Rev 16:3 Second one pours; results follow.

Rev 16:4-7 Third one pours; results follow.

Rev 16:8-9 Fourth one pours; results follow.

Rev 16:10-11 Fifth one pours; results follow.

Rev 16:12-14 Sixth one pours; results follow.

Rev 16:15 Jesus interjects saying to keep awake.

Rev 16:16 Continued result of pouring of sixth bowl.

Rev 16:17-21 Seventh bowl poured out; Results follow:
. . . . . Voice from throne saying "it is finished" (note also this is the 7th and last bowl).
. . . . . Lightning and voices and thunders, and a great earthquake (Cmp Rev 11:15, 19 - 7th trumpet)
. . . . . . . . Rev 16:19-21 is a subset - detailed results of the "great earthquake."

For an interesting comparison of the Trumpets and Bowls, see this post. The 6th Trumpet (Rev 9:13-21) concludes with mankind in general refusing to repent. The 6th Bowl (Rev 16:12-16) concludes with the kings of the earth and their forces moving into a position threatening God's interests (the place called Armageddon - Massed foreign troops near [the mountain of] Megiddo would have been a threat to ancient Israel - Compare also Ezek 38:8-9 and this thread on the origin of the term "Armageddon").



On the Divine saying, "It is finished" (with variations here), the Greek is simply one word, the verb γίνομαι (ginomai), "to be," (here and here) in the perfect indicative, and thus having the very literal meaning, "It is" (but see the next post for a correction), which the various translations smooth out for English readers.


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Re: "The Great City" of Revelation 16:19

#8 Post by Bobcat » 3 years ago

Hey Menrov,

I goofed on the meaning of ginomai. It means "to become." The link to the Greek dictionary that I gave had the definition correctly. I was trying to finish that post and my breakfast and race off to work.

The literal meaning in Rev 16:17 would be something like, "It has become," indicating "to emerge, become, transitioning from one point (realm, condition) to another." In the case of Rev 16:17, the announcement indicating something has been accomplished, or something allowed or permitted is now over. There is some similarity in thought with the statement at the end of the sixth trumpet where it says that the people refused to repent. (Rev 9:20-21) Leading to the seventh and final trumpet. (Rev 11:15-19; For a comparison of the trumpets and bowls see here.)


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Re: "The Great City" of Revelation 16:19

#9 Post by Jerome » 3 years ago

The occurrence of "city" (Greek πόλις) at Rev 14:8 is lacking in textual support.
Please believe that I'm not trying to be difficult but doing a search for the expression "the great city" in Revelation garnered the following results. Do they all lack textual support?
And their corpses will be on the main street of the great city that is in a spiritual sense called Sodʹom and Egypt, where their Lord was also executed on the stake. (Revelation 11:8)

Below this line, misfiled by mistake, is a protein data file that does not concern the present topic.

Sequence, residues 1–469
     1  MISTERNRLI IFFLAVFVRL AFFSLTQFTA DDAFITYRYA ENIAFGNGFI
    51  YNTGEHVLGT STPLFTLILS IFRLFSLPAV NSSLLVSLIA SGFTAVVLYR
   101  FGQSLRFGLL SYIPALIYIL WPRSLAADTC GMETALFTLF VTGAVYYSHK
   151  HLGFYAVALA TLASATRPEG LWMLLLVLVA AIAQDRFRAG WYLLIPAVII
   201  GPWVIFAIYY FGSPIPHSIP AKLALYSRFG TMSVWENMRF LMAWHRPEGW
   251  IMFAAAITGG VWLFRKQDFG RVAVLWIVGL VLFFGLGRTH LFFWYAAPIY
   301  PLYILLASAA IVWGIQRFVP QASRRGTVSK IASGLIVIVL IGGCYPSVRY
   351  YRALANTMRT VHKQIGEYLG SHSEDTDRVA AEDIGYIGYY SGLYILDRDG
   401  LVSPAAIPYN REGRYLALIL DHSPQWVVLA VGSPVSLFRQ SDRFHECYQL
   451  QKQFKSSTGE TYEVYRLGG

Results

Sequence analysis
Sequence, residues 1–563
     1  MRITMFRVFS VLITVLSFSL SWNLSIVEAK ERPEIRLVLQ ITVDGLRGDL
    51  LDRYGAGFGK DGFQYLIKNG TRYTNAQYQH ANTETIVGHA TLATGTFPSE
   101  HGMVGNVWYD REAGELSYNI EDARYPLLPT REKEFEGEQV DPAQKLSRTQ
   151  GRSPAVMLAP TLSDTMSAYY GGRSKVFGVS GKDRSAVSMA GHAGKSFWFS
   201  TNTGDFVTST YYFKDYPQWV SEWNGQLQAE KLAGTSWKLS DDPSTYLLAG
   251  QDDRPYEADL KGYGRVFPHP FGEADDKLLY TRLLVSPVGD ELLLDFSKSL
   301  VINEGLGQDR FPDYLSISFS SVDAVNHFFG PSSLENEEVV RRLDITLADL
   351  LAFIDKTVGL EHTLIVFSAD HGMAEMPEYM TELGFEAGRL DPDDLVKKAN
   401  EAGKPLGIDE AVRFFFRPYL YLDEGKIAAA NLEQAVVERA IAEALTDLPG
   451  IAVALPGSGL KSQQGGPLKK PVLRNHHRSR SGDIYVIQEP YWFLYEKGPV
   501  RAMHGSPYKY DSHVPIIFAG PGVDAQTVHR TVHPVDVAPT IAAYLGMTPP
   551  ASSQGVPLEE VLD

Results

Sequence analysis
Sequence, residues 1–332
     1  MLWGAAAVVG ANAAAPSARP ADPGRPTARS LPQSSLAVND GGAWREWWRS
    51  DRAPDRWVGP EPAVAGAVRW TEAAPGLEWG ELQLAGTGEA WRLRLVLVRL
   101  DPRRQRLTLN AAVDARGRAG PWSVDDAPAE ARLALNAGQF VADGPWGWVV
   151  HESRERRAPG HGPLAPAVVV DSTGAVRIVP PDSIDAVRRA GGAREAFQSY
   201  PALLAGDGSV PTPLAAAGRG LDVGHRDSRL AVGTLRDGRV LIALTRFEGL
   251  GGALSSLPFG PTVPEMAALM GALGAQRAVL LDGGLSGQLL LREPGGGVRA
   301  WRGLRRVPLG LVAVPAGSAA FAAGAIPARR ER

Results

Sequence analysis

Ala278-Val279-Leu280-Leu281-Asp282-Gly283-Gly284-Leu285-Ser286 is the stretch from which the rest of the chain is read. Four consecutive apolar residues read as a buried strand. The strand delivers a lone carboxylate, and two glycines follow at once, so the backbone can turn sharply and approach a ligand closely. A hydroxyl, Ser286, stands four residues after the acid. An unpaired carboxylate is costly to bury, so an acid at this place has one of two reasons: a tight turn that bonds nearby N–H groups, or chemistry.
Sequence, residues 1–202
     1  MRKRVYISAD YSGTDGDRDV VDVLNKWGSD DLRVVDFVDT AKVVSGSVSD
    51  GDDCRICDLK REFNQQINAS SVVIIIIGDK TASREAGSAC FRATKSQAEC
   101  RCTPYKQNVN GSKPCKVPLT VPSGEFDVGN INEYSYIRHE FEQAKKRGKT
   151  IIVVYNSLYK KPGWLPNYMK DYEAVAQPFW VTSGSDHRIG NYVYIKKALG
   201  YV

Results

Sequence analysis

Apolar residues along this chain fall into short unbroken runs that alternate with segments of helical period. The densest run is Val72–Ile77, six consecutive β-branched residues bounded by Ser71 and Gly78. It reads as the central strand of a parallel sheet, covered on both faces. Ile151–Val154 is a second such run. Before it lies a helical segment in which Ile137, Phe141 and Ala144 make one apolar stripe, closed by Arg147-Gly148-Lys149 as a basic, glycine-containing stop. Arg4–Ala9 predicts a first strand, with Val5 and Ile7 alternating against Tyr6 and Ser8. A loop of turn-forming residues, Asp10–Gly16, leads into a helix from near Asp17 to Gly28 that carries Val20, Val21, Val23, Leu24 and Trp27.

The great city split into three parts, and the cities of the nations fell; and Babylon the Great was remembered before God, to give her the cup of the wine of the fury of his wrath. (Revelation 16:19)
And the woman whom you saw means the great city that has a kingdom over the kings of the earth.” (Revelation 17:18)
They will stand at a distance because of their fear of her torment and say: ‘Too bad, too bad, you great city, Babylon you strong city, because in one hour your judgment has arrived!’ (Revelation 18:10)
saying: ‘Too bad, too bad, the great city, clothed with fine linen, purple, and scarlet and richly adorned with gold ornaments, precious stones, and pearls, (Revelation 18:16)
They threw dust on their heads and cried out, weeping and mourning, and said: ‘Too bad, too bad, the great city, in which all those who had ships at sea became rich from her wealth, because in one hour she has been devastated!’ (Revelation 18:19)
And a strong angel lifted up a stone like a great millstone and hurled it into the sea, saying: “Thus with a swift pitch will Babylon the great city be hurled down, and she will never be found again. (Revelation 18:21)
Admittedly, the great city in Revelation 11:8 is not clearly identified, but all the other occurrences are associated with Babylon.

Jerome

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Re: "The Great City" of Revelation 16:19

#10 Post by Bobcat » 3 years ago

Hi Jerome,
Please believe that I'm not trying to be difficult but doing a search for the expression "the great city" in Revelation garnered the following results. Do they all lack textual support?
The ones you found all have good mss support. You should have got hits on Rev 11:18; 16:19; 17:18; 18:10, 16, 18, 19, 21 (Eight total).

The occurrence of "city" (Greek πόλις) at Rev 14:8 is lacking in textual support.
And thus, on your search you did not get a hit on this verse. If you are using the JW Library app, look at Rev 14:8 in the interlinear and see if you can find the word "city" (Greek πόλις) there. On this link, if you scroll down a little you will see how a number of Master Greek texts read. Only the TR has πόλις in the text. All the others are recognized as more authoritative than the Textus Receptus (TR). The TR is the text from which the KJV was made.

Admittedly, the great city in Revelation 11:8 is not clearly identified,
The one at Rev 11:8 is identified, in part, as the place "where their Lord was also executed on the stake." That should give you some kind of clue. It is Jerusalem or some "city" that resembles ancient Jerusalem in some way.

but all the other occurrences are associated with Babylon.
I agree with you regarding Rev 17:18; 18:10, 16, 18, 19, 21. My second post in this thread was about why that could not be the case for Rev 16:19.